- Yuga Labs will reduce support for OpenSea due to the removal of the royalty enforcement tool.
- The decision was praised by the NFT community but highlights a divide over creator royalties.
- The situation sparks a debate on ethics and rights in the NFT industry, possibly shaping its future.
In a decisive response to OpenSea’s announcement to phase out its on-chain royalty enforcement tool, Operator Filter, Yuga Labs, the creators of the renowned Bored Ape Yacht Club (BAYC), declared their intention to reduce support for OpenSea. Launched in November 2022, the Operator Filter allowed creators to limit secondary sales of NFTs exclusively to marketplaces … Read more
In a decisive response to OpenSea’s announcement to phase out its on-chain royalty enforcement tool, Operator Filter, Yuga Labs, the creators of the renowned Bored Ape Yacht Club (BAYC), declared their intention to reduce support for OpenSea.
Launched in November 2022, the Operator Filter allowed creators to limit secondary sales of NFTs exclusively to marketplaces that upheld creator royalties. This mechanism effectively excluded platforms like Blur, which had optional royalties. OpenSea’s decision to sunset the tool by the end of August was attributed to a lack of comprehensive adoption within the ecosystem, the capability of platforms to circumvent the tool, and resistance from creators.
Yuga Labs’ CEO Daniel Alegre emphasized the company’s belief in protecting creator royalties, stating that creators should be “properly compensated for their work.” The move by Yuga Labs is seen as a direct reaction to OpenSea’s policy change, reflecting a broader debate within the NFT community about the enforcement of creator royalties.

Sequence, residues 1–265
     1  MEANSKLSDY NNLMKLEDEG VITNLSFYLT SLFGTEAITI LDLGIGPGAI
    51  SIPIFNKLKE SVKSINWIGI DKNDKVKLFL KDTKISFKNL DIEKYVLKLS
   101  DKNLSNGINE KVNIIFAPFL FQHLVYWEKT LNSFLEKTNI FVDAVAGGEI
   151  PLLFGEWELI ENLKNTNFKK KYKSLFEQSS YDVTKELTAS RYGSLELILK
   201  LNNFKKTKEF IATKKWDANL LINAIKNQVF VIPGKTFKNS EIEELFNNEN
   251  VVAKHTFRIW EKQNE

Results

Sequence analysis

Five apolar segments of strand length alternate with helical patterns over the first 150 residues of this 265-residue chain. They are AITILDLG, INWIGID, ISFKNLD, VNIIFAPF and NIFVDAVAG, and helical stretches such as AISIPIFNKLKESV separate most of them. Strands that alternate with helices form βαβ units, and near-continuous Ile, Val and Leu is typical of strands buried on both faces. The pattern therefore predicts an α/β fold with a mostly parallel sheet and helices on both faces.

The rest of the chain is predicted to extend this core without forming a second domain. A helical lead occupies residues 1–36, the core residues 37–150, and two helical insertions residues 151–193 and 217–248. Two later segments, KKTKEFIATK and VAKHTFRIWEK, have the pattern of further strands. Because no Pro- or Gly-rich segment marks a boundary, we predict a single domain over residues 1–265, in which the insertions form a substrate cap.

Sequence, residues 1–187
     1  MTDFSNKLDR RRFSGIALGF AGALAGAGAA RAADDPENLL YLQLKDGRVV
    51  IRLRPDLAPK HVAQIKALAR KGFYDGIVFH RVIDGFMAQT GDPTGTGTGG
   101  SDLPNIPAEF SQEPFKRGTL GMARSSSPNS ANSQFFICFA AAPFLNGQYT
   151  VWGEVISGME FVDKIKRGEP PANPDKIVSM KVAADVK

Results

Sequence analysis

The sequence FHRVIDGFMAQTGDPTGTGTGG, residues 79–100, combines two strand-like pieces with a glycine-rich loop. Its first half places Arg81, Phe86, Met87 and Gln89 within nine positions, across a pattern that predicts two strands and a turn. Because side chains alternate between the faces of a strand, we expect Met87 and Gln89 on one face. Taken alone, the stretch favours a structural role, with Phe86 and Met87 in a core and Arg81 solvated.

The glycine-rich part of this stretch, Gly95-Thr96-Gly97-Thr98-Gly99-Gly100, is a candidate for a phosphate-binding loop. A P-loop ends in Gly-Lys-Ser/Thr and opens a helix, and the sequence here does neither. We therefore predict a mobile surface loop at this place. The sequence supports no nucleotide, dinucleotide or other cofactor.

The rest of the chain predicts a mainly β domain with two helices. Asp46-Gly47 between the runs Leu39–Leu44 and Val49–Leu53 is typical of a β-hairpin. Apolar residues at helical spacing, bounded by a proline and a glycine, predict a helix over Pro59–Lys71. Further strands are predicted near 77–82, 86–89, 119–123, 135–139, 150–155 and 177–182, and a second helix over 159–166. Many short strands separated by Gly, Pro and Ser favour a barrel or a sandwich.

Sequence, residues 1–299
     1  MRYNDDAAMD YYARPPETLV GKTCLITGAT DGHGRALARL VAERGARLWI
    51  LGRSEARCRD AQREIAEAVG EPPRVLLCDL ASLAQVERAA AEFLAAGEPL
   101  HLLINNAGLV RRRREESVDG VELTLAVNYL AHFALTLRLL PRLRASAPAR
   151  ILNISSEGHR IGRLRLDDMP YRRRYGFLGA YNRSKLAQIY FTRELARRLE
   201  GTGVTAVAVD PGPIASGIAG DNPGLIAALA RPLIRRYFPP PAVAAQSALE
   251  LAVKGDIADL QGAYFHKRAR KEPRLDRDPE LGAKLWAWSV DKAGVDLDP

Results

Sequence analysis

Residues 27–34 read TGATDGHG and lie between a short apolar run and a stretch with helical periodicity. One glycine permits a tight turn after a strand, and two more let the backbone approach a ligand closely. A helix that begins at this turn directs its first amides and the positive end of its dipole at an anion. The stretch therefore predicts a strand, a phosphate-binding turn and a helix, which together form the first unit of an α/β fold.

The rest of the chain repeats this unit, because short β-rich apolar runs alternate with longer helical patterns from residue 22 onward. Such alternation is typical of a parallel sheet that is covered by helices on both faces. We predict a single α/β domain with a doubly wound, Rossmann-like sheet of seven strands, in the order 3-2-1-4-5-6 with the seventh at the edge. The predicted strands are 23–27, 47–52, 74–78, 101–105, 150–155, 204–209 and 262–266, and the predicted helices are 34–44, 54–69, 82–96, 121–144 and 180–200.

The community reacts
Although the intention behind OpenSea’s recent update was to enhance the NFT ecosystem, it seems to be adversely affecting creators and digital artists. Also, the announcement by Yuga Labs was met with widespread approval from the BAYC community and other content creators. Notable figures such as EllioTrades, Alex Becker, and Luca Netz, the Pudgy Penguins NFT project CEO, expressed support for the decision. Even investor Marc Cuban criticized OpenSea’s move, calling it a “huge mistake” not to pay royalties on NFT sales.
However, the issue of creator royalties has become a divisive topic in the NFT community. In the early stages of the NFT boom around 2021, enforcing creator royalties was the general practice. But the emergence of marketplaces like Blur, which secured significant market share by offering zero trading fees and an optional creator royalty payment model, has led to a split in opinion.
OpenSea’s decision to end royalty enforcements comes after Blur started taking a major share in the market. The move has opened the door for discussions and criticism, with some advocating for different methods of creator compensation while others staunchly support the need to pay royalties.